The International Development Secretary has brought together a group of major donors to work together on driving forward much needed reform in the global aid system – including key development donors such as the US, Germany, France and others to ensure every country is meeting urgent humanitarian need as well as providing longer term economic development and resilience support.
The UK and UN OCHA also co-hosted a technical planning meeting on Somalia on (23 February). This brought together key partner countries, UN agencies and the major NGOs to identify gaps in the international response to the Somalia drought and potential famine, and develop prioritised plans for addressing these.
This includes making sure international agencies are working together and coordinating humanitarian responses effectively and urging other donors to step up and agreeing that immediate support should focus on food, water, sanitation and hygiene, nutrition and health to help save lives. Since this meeting, Australia has pledged AUS$20 million towards helping people in South Sudan and Somalia suffering from critical food shortages caused by conflict and severe drought.
The International Development Secretary will be meeting key NGOs this week (6 March) to urge them to raise awareness of these crises to help encourage more support from international donors.
3. Playing a leading role in international conferences and forums to encourage other donors and governments to pledge more support
The UK is working with others, including through the UN, G7 and G20, to highlight the urgent humanitarian needs, mobilise much needed resources and keep momentum for humanitarian reform created last year by the London Syria Conference, the World Humanitarian Summit and the Leaders’ Summit on refugees.
The UK also used the Oslo Conference on Nigeria (24 February) to press for greater international involvement and increased funding for humanitarian efforts – where over $450 million was pledged for 2017.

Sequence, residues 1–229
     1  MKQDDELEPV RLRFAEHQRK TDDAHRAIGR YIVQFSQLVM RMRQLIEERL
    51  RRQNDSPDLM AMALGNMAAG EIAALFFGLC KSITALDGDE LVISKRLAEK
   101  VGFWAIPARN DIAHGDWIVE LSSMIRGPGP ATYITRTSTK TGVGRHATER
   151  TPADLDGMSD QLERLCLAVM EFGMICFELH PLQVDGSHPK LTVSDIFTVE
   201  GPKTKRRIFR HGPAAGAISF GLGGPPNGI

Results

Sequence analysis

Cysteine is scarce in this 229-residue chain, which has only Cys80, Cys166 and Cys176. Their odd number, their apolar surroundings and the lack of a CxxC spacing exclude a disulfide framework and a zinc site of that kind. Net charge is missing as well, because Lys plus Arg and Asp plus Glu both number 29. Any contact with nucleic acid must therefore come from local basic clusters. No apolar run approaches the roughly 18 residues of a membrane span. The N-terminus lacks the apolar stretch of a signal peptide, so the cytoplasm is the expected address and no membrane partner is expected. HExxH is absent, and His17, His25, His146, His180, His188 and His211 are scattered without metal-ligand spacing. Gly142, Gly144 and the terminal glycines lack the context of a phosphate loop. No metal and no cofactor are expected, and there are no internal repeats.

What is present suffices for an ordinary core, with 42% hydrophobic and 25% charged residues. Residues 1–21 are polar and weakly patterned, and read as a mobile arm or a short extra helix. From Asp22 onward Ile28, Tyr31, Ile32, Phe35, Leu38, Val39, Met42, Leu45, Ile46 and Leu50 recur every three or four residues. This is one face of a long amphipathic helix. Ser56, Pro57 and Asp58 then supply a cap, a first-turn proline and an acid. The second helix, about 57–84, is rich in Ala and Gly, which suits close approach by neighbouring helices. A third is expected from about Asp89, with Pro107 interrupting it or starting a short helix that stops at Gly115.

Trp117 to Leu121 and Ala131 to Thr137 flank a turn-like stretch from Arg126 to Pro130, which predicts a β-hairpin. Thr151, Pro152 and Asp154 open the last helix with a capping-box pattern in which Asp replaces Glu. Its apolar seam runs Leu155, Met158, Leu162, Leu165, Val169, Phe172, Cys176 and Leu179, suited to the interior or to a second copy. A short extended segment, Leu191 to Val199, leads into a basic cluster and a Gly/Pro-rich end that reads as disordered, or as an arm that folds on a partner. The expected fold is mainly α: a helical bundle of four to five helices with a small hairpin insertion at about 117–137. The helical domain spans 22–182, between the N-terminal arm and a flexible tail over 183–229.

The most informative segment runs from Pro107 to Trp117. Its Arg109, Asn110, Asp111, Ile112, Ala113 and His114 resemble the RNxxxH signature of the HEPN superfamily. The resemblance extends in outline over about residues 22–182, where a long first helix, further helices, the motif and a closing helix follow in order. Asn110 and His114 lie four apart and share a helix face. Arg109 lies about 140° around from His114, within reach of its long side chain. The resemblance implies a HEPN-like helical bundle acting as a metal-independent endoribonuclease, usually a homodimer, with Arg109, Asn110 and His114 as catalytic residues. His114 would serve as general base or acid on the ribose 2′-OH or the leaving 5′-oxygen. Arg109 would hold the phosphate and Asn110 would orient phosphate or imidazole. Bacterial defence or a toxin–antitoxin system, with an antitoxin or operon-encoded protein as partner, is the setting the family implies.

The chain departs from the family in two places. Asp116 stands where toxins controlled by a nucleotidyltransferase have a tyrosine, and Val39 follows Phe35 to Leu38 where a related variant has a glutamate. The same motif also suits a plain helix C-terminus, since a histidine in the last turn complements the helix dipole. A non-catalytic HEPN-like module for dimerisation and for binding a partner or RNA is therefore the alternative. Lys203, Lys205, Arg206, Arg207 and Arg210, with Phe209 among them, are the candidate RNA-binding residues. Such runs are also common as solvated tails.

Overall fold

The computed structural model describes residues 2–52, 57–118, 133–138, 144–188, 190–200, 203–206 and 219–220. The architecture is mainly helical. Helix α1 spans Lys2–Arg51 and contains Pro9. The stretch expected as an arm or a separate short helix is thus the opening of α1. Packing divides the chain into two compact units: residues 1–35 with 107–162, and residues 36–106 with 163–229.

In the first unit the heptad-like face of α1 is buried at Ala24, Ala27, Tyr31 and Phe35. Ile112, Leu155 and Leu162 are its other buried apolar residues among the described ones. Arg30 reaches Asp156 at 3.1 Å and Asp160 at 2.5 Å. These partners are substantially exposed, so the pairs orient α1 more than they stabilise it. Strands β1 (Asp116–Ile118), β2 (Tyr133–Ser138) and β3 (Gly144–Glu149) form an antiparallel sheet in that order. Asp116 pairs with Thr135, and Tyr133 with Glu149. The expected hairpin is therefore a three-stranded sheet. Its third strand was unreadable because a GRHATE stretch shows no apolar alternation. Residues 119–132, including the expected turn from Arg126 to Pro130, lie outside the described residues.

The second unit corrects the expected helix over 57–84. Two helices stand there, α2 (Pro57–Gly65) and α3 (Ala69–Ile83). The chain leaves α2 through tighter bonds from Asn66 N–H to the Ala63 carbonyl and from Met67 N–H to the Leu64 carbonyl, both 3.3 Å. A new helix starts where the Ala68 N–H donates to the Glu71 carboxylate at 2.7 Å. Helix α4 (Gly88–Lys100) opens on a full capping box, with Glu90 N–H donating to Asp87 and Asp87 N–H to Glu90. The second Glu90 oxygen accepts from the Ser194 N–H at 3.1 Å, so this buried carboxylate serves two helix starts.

The Nigerian government pledged to step up its efforts at the Oslo Conference, pledging $1bn of support to the North East of the country in 2017. Their leadership and resources will be crucial to the response, and we are urging them to quickly turn that pledge into funding on the ground.
4. Urging governments to uphold International Humanitarian Law, stop wars that are killing people and allow aid to get to those who need it.
International Development Minister for Africa James Wharton met South Sudanese Government Ministers and officials where he emphasised that it is first and foremost the responsibility of the country’s leaders to alleviate the pressure on its people, and to work with the UN, as well as NGOs, who are delivering vital, lifesaving aid to the South Sudanese people, and ultimately create lasting peace and stability.
A lack of respect for International Humanitarian Law exacerbates suffering and disrupts the international community’s ability to respond.
The UK will do its utmost to respect and promote respect for International Humanitarian Law, and calls on parties to these conflicts to allow for access by humanitarian agencies to all areas of greatest need.
5. Ensure that UK missions and representatives around the world are echoing the Secretary of State’s call to action throughout the humanitarian system to guarantee a truly global response.
At the UN in New York, the UK’s Ambassador to the UN Matthew Rycroft met both the UN Secretary General Antonio Guterres and UN Under-Secretary General for Humanitarian Affairs Stephen O’Brien (21 February) to relay key UK messages. The UN Secretary-General has set up a steering committee calling for immediate action to ensure a coordinated long-term approach, in line with the UK’s reform priorities for the UN.
The UK’s Presidency of the UN Security Council in March is focused on preventing conflict in Africa which is driving the humanitarian crises in South Sudan and North East Nigeria. This UK Ambassador to the UN is currently leading a Security Council visit to NE Nigeria and the neighbouring countries.